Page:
Corona Capital is a column updated throughout the day by Breakingviews columnists around the world with short, sharp pandemic-related insights.
– U.S. football
Golden pigskin. The University of Texas, home to the highest grossing college football program, is handing fired head coach Tom Herman over $15 million as it offers new hire Steve Sarkisian over $34 million. This isn’t an isolated incident. The top U.S. college football programs have paid out around $65 million to yanked coaches this season, according to Bloomberg, even after Covid-19 torpedoed revenue.
It reflects a nationwide talent arms race that looks a bit like the competition for top corporate executives. Ideally, coaching compensation would come with fewer guarantees and be based more on graduation rates and student health, along with gridiron glory. But shifting priorities is tough for the same reason company boards often don’t block extravagant pay and perks, like former General Electric boss Jeff Immelt’s two jets: fear of falling behind.
Listed-company bigwigs also worry about losing executives to more lucrative industries, like, say, private equity. For college football programs, the equivalent rival employer of top rainmakers is the National Football League. (By Anna Szymanski)
Container enthusiasm. With their vast, lumbering vessels, shipping companies are unlikely additions to the whirring cogs of the gig economy. Yet under virus-imposed lockdowns, giants like $44 billion Maersk have rarely had it so good. The Danish company said on Wednesday that demand from pent-up consumers for everything from running machines to furniture, most of which moves by sea before Amazon.com ferries it to the doorstep, was so high the world was running out of containers.
That means sky-high shipping rates and, given low fuel prices, bumper returns for investors. Refinitiv forecasts show revenue will rise 1% this year, but operating costs could fall by a third. Hence Maersk’s 2020 operating profit should soar to $4.2 billion, against $1.7 billion in 2019. Post-viral recessions may delay progress, but economic slowdowns will also curb fuel costs. Little wonder Maersk shares are up by two-thirds since February. (By Ed Cropley)
Event horizon. The online conference may have booked itself a permanent seat in the post-pandemic world. Hit by lockdowns across its markets last year, UK-listed Informa, the world’s biggest conflab coordinator, managed to flip more than 500 in-person events to the virtual variety. The 8 billion pound outfit still reckons 2020 revenue is likely to be 42% lower than in the previous year, at just 1.7 billion pounds. Without its surprise online successes, however, the hit would have been worse.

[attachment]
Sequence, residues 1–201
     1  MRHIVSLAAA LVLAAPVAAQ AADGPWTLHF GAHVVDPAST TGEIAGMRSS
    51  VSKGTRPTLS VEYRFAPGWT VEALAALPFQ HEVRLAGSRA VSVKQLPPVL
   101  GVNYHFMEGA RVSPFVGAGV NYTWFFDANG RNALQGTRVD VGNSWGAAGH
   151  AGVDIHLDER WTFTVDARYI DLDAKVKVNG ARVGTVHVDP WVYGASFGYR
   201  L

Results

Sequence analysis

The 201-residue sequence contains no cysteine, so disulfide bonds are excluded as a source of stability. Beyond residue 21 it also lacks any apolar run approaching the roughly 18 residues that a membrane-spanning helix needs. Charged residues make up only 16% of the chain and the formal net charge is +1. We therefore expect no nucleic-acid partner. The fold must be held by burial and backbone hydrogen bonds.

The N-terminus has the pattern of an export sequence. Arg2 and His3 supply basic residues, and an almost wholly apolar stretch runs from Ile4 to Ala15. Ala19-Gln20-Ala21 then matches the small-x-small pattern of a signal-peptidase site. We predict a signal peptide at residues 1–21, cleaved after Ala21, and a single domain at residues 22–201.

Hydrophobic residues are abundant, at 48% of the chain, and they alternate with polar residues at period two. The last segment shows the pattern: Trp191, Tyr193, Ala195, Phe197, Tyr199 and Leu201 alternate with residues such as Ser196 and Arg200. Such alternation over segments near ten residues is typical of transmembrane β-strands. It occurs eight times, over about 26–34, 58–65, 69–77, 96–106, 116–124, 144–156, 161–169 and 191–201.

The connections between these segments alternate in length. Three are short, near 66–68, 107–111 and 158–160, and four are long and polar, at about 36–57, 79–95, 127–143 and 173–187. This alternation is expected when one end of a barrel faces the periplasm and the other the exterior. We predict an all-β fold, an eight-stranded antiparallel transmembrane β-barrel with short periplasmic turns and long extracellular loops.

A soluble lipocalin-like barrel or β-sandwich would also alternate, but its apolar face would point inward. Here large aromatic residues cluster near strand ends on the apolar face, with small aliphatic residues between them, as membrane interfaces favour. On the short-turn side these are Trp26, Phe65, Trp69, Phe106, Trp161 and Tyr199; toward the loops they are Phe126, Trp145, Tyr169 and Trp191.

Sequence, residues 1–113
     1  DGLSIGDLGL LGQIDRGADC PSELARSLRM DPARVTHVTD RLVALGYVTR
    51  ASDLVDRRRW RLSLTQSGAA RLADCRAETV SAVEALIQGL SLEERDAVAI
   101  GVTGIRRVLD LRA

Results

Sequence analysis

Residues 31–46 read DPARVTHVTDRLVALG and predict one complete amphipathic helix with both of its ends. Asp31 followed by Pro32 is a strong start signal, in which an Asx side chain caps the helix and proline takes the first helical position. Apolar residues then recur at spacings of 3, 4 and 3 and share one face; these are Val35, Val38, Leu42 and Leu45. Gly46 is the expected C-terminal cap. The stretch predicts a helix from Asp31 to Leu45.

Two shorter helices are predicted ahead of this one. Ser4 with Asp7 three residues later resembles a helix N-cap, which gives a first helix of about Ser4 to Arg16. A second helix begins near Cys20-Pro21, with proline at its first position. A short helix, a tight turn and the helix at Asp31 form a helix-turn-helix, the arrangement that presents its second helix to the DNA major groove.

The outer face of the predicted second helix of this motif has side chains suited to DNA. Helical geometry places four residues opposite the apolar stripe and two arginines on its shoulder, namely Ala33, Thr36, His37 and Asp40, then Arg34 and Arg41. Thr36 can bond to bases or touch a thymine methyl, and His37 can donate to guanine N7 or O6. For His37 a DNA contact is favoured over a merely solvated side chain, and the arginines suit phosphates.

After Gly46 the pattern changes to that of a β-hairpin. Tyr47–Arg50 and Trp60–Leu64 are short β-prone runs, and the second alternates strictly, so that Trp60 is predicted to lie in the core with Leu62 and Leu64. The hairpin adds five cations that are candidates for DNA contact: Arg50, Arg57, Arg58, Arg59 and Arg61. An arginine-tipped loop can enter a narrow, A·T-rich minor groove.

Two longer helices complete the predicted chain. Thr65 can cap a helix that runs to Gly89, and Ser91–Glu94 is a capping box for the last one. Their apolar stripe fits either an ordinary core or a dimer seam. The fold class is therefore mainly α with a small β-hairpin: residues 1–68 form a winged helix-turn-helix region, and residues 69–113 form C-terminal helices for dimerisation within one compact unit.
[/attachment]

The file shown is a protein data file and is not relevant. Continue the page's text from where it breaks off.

The best news for Informa shareholders is that humans still prefer face-to-face contact. Demand for “real” conferences has recovered quickly in countries, like China, that contained the virus. The bad news is that in 2021 debt-laden companies will be pickier about bankrolling employee junkets, forcing Informa and rivals to focus their efforts on industry-leading events. Prominent get-togethers like Informa’s “World of Concrete” look set in stone. Less tangible gatherings may stay virtual. (By Ed Cropley)
Wartime mode. China’s recent rash of Covid-19 outbreaks should concern those still waiting for local consumption to come roaring back. Authorities have declared that Beijing’s neighbouring Hebei province, which has 75 million people, has entered “wartime mode” after reporting 19 virus cases in the first four days of January. It banned gatherings in the province’s capital, shut sections of highways and ordered all residents to get tested. In northeast China, the city of Dalian also barred residents of areas designated as risky from travelling after new local infections were reported.
These flare-ups are small in number, but the draconian measures authorities are imposing to stop the virus from spreading are freezing movement and delivering outsized economic shocks. On Wednesday, a private business survey showed that China’s services sector growth slowed in December on weak consumer confidence. Better a quick sting than a long ache, goes the Chinese saying. But global brands banking on a steady recovery may be taken on a roller-coaster ride. (By Yawen Chen)
Electric shock. The UK auto industry faces a slippery road ahead. Car registrations for 2020 fell by 29.4% year-on-year to 1.63 million, according to figures released on Wednesday by the Society of Motor Manufacturers and Traders. However, the proportion of hybrid and battery vehicles roughly tripled to more than one in 10 as sales in their respective niches rose by 91% and 186%.
Booming electric demand is a mixed blessing for Britain-based companies such as Nissan Motor, BMW and Jaguar Land Rover. While they recently managed to avoid tariffs on European Union exports – which account for roughly half of total production – the UK needs to increase battery capacity to meet new export rules. Based on a domestic production target of 1 million electric vehicles by 2030, the SMMT reckons 60 gigawatt hours per year is required – compared to current projections of just 15 GWh in 2024. Prime Minister Boris Johnson’s campaign to persuade automakers to stay has only begun. (By Christopher Thompson)